Published in PC Hardware

Microsoft's underwater datacenter dreams sink

by on25 June 2024

Project Natick takes a dive

Software King of the World Microsoft has decided to pull the plug on its audacious Project Natick—a daring experiment that involved submerging a datacenter capsule a 120 miles off the rugged coast of Scotland.

Vole wanted to explore the wild and woolly world of underwater data centres.

Project Natick's saga began in the misty annals of 2013, when tech visionaries donned their metaphorical wetsuits and embarked on a three-month trial in the Pacific.

Buoyed by its initial success, they unleashed a submersible data centre capsule into the chilly embrace of the Scottish abyss in 2018. The capsule harboured 855 servers.

When the capsule resurfaced in 2020, dripping with secrets and seaweed, only six servers had died during its watery sojourn. Meanwhile, a parallel experiment on Terra firma saw eight servers bite the dust out of a total of 135.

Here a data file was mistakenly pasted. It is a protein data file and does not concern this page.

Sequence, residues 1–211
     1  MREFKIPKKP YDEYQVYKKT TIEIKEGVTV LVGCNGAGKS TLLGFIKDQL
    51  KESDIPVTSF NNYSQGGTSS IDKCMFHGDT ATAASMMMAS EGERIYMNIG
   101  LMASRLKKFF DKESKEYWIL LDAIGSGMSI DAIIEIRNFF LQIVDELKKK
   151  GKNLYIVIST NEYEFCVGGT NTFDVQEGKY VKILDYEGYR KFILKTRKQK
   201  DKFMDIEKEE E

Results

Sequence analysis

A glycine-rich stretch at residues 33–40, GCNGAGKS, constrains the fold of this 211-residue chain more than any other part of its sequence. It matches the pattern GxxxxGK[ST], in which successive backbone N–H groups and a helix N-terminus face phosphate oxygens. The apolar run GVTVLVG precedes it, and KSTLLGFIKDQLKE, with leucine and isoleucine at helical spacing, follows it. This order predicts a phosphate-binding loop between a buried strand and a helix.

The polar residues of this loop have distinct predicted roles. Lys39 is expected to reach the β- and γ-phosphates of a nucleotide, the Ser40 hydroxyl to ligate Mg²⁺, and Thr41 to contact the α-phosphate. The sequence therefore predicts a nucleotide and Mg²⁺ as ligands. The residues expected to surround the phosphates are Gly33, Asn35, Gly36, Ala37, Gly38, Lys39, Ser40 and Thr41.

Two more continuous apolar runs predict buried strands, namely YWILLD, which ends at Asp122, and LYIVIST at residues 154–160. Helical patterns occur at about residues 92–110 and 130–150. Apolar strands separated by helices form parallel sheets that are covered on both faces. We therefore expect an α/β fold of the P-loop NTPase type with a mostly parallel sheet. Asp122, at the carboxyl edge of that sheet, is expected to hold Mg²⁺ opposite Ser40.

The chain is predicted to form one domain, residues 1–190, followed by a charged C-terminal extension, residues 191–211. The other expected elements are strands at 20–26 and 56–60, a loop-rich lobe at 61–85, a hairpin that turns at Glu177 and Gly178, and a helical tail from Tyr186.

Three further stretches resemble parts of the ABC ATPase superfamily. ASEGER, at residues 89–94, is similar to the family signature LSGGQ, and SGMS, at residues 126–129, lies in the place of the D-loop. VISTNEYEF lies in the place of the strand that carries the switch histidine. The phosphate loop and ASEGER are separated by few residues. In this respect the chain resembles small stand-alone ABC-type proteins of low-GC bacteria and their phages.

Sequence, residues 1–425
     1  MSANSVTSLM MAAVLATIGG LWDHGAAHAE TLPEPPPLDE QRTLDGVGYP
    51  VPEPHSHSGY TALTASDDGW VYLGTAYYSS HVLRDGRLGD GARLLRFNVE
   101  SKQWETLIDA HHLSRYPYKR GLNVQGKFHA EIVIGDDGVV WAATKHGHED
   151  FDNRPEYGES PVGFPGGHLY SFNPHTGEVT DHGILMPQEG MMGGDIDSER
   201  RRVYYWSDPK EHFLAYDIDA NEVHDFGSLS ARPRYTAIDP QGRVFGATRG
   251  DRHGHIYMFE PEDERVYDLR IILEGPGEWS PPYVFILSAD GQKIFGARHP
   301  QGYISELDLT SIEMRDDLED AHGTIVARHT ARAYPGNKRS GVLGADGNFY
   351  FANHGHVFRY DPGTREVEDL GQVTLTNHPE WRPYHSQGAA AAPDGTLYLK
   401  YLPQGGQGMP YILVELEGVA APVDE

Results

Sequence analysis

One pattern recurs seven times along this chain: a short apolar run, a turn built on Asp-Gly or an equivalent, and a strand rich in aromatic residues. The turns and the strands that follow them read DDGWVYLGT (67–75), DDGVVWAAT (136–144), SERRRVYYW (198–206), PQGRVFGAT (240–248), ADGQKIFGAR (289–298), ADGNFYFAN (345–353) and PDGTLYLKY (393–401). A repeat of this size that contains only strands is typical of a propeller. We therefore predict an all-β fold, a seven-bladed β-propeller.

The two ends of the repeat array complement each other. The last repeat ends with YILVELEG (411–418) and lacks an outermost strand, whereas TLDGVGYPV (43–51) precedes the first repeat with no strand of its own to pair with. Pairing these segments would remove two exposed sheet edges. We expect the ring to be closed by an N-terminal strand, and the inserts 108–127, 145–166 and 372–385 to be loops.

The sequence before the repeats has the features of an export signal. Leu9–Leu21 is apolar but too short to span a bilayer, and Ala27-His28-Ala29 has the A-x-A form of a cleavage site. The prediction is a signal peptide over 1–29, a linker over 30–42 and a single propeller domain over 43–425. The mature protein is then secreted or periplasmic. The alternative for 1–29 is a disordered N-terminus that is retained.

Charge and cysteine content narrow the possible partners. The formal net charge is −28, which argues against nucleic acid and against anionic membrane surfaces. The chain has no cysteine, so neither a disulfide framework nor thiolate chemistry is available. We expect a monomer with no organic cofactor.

Vole said that seawater stability and a dash of inert nitrogen gas—the data center's VIP bodyguards—kept the servers shipshape.

However, the captain of the Cloud Operations + Innovation Noelle Walsh (CO+I) division said that he was “not building subsea data centres anywhere in the world."

He said that the lessons from this aquatic escapade would not be flushed away. They would be repurposed for other cases, like deciphering the mysteries of server vibrations and deep-sea server etiquette.

Last modified on 25 June 2024
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